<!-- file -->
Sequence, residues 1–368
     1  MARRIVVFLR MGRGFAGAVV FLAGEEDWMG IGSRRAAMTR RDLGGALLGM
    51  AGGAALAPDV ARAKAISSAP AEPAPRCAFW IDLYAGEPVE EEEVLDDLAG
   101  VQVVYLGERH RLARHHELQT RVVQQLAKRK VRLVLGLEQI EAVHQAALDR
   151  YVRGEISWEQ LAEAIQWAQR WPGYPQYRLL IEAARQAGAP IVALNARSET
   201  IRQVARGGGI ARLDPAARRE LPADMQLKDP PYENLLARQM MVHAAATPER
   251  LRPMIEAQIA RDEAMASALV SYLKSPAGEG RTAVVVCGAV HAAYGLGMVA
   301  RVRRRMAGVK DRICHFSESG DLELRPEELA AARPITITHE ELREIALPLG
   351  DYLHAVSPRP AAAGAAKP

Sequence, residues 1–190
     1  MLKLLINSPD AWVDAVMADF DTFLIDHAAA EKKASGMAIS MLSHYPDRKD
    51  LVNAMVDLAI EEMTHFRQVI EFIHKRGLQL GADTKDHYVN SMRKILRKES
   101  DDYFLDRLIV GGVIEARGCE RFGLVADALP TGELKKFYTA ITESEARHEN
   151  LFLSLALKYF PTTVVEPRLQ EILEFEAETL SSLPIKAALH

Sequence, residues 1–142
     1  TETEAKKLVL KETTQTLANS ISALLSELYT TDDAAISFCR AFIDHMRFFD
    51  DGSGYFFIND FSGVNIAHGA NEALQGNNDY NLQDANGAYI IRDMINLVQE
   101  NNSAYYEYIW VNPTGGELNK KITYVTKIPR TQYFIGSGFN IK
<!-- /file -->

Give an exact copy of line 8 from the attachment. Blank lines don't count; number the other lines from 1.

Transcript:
   301  RVRRRMAGVK DRICHFSESG DLELRPEELA AARPITITHE ELREIALPLG